conversations without all parties’ consent is an unreasonable intrusion upon the seclusion of
another. See Caro v. Weintraub, 618 F.3d 94, 101 (2d Cir. 2010) (applying Connecticut law and
finding the act of recording a private conversation could impose liability on defendant under the
common law tort for invasion of privacy); Vasyliv v. Adesta, LLC, No. CV106011737S, 2010
WL 5610901, at *3 (Conn. Super. Ct. Dec. 20, 2010) (“A secret video recording of a private
conversation can certainly be considered an intrusion upon one’s seclusion or their private affairs
or concerns.”); WVIT, Inc. v. Gray, No. CV 950547689S, 1996 WL 649334, at *4 (Conn. Super.
Ct. Oct. 25, 1996) (“[E]mployees do have a reasonable expectation that discussions will not be
secretly recorded by fellow employees with whom they are chatting.”). So, Mr. Marino also can
assert a claim under the common law tort of invasion of privacy based on the same facts asserted
in Counterclaim to support the § 52-570d claim. The court thus concludes that the Connecticut
Supreme Court would find that a claim arising under § 52-570d is comparable to a tort claim and
thus it would not permit assignment of the claim.
Also, the fact that CSA is asserting a violation of Connecticut statute does not mean it is
a purely statutory claim. The Connecticut Supreme Court has acknowledged that “statutorily
created tort[s]” “[have their] origins in the common law . . . .” Ford v. Blue Cross and Blue
Shield of Conn., Inc., 578 A.2d 1054, 1060 (Conn. 1990) (rejecting argument that plaintiff did
not have a right to a jury trial because the plaintiff’s cause of action under a state statute was
purely statutory); see also Considine v. City of Waterbury, 905 A.2d 70, 81 (Conn. 2006)
(finding statute was an attempt to codify municipal common-law tort liability); Yale Diagnostic
Radiology v. Estate of Fountain, 838 A.2d 179, 185 (Conn. 2004) (observing that Connecticut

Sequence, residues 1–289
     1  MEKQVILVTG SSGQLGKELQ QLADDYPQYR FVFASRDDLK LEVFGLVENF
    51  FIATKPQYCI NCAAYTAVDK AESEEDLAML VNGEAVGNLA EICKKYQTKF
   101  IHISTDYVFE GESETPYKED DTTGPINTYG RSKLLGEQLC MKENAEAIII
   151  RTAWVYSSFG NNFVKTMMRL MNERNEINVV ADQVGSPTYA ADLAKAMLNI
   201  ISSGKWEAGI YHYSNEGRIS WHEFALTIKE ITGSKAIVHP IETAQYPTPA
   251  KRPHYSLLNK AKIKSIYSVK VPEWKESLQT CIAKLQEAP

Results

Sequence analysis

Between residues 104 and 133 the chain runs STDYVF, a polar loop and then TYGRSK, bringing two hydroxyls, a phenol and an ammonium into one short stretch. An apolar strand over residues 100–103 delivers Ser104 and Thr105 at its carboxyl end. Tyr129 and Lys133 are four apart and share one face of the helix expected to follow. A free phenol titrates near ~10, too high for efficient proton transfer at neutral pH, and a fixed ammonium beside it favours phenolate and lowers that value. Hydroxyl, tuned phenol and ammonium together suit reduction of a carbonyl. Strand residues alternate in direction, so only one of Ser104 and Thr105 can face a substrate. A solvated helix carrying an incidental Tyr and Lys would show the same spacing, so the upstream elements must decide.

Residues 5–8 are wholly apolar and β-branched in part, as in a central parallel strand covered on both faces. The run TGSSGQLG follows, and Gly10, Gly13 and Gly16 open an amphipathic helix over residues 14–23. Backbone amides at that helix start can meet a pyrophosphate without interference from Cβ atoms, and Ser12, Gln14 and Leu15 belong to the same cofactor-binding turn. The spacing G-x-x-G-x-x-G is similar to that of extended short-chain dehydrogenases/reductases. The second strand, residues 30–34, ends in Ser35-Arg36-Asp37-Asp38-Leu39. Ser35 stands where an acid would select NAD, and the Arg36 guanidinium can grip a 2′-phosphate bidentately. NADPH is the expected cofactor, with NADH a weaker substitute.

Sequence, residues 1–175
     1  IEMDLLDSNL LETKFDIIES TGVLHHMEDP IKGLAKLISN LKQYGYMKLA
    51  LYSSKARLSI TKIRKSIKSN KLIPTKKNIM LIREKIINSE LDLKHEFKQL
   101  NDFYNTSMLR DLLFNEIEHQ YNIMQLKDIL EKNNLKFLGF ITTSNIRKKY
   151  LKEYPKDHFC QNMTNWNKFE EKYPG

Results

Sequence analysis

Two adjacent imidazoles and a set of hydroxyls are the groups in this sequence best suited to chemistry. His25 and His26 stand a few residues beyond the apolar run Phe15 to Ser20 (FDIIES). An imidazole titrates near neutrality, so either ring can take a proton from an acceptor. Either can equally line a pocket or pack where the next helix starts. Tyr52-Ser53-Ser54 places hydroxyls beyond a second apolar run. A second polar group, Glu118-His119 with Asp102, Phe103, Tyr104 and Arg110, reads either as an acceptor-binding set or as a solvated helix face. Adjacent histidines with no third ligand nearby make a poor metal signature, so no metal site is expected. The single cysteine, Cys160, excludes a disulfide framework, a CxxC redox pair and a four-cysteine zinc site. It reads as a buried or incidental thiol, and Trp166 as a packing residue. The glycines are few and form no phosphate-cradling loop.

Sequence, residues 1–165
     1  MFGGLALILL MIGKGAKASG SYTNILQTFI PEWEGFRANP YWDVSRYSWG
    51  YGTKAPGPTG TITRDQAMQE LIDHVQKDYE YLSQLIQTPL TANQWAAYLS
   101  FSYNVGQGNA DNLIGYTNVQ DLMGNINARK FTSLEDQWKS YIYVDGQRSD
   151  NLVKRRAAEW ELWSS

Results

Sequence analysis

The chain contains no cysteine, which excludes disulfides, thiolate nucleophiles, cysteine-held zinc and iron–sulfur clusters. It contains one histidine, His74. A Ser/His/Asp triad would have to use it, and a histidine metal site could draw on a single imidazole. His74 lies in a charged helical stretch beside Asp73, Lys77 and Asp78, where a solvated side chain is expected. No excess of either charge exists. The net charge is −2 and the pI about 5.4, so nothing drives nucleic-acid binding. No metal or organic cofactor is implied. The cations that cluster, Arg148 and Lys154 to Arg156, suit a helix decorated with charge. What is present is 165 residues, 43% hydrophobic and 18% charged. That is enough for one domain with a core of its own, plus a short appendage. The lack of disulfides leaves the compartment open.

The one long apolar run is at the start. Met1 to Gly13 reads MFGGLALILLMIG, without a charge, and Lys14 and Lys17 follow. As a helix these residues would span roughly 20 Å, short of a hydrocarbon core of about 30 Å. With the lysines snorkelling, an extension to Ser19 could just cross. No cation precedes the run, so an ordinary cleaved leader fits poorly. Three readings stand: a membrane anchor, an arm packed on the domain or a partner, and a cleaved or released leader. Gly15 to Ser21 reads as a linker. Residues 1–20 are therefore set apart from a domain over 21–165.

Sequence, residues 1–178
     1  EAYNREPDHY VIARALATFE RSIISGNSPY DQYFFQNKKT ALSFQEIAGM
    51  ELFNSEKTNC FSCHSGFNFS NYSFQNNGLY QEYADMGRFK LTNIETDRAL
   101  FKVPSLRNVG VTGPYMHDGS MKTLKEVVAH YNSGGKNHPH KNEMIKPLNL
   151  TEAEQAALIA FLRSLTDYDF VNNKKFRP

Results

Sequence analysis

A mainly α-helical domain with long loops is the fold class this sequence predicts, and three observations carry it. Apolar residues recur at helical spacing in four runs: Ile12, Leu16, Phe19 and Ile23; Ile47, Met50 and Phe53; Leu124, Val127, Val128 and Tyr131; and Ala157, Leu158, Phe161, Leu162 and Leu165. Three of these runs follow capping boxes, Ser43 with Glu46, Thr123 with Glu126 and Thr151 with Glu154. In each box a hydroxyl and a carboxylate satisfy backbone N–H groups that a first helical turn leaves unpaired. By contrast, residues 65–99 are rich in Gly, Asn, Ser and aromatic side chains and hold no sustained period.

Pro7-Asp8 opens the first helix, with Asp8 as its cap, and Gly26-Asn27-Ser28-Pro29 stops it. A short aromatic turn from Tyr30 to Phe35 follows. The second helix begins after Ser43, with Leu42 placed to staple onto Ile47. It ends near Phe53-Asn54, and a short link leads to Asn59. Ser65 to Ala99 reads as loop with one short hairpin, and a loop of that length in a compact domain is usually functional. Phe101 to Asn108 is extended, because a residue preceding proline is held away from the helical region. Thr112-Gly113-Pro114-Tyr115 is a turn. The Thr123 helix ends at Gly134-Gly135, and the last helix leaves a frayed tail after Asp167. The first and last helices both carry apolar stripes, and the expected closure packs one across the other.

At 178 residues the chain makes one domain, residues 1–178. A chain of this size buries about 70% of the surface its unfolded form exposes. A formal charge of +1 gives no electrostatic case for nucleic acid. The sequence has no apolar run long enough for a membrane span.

General Statute § 46b-37(b)(2) codifies common-law rule that “both parents are primarily
responsible for providing necessary goods and services to their children”); Gerrity v. R.J.
Reynolds Tobacco Co., 818 A.2d 769, 774 (Conn. 2003) (concluding that purpose of product
liability act was in part to codify the common law of product liability).
Section 52-570d has its origins in the common-law tort for invasion of privacy.
Legislative debates attendant to the passage of § 52-570d demonstrate a key purpose of the bill—
to protect personal privacy. Tarbox v. Tarbox, No. CV044000313S, 2005 WL 1097228, at *2
(Conn. Super. Ct. Apr. 6, 2005) (citing 33 H.R. Proc., Pt. 30, 1990, p. 10,524). The court thus
concludes that, if presented with this question, the Connecticut Supreme Court would find that
Mr. Marino’s claim for unlawful recording of communication under § 52-570d is a tort action
and therefore cannot be assigned to CSA.
Even if the court concluded that § 52-570d is a purely statutory claim, the claim is still
not assignable because the statute limits remedies to “person[s] aggrieved.” Conn. Gen. Stat. §
52-570d(c). Allowing assignment of the claim to someone who is not aggrieved would
“undermine the well-defined legislative policy limiting remedies” to the person aggrieved.
Stearns, 955 A.2d at 544. Thus, the court concludes that Mr. Marino cannot assign his § 52570d claim.
B. CSA Has a Viable Section 52-570d Claim.
Even though Mr. Marino cannot assign his § 52-570d claim to CSA, the claim survives
the Motion to Dismiss because CSA asserts its own claim under § 52-570d. Section 52-570d
states “[a]ny person aggrieved by a violation [of this section] may bring a civil action in the
Superior Court to recover damages, together with costs and a reasonable attorney’s fee.” Conn.
Gen. Stat. § 52-570d(c). The word “person” includes “companies, corporations, public or
private, limited liability companies, societies and associations.” Conn. Gen. Stat. § 1-1(k).
Indeed, Connecticut courts have recognized a corporate party’s right to assert violations of § 52570d. See Pianin v. Thru-Way Shopping Ctr., LLC, No. FSTCV010186828, 2005 WL 2277140,
at *3 (Conn. Super. Ct. Aug. 24, 2005) (finding a limited liability company and its agent showed
plaintiff had violated § 52-570d).
Mr. Wall asserts that CSA only can recover on this claim if it can allege damages in its
own right. Doc. 23 at 6. But, whether or not CSA can prove it sustained any injury from Mr.
Wall’s actions is an issue beyond the scope of this motion. Because CSA can assert its own §
52-570d claim, CSA has stated a claim upon which relief can be granted.
For the reasons explained above, the court concludes that CSA’s Counterclaim
sufficiently states a claim for relief and survives Mr. Wall’s Motion to Dismiss under Fed. R.
Civ. P. 12(b)(6).
IT IS THEREFORE ORDERED BY THE COURT THAT plaintiff/counterclaim
defendant Sammy Wall’s Motion to Dismiss Counterclaim (Doc. 14) is denied under Rule
IT IS SO ORDERED.
Dated this 5th day of September, 2017, at Topeka, Kansas.
s/ Daniel D. Crabtree
Daniel D. Crabtree
United States District Judge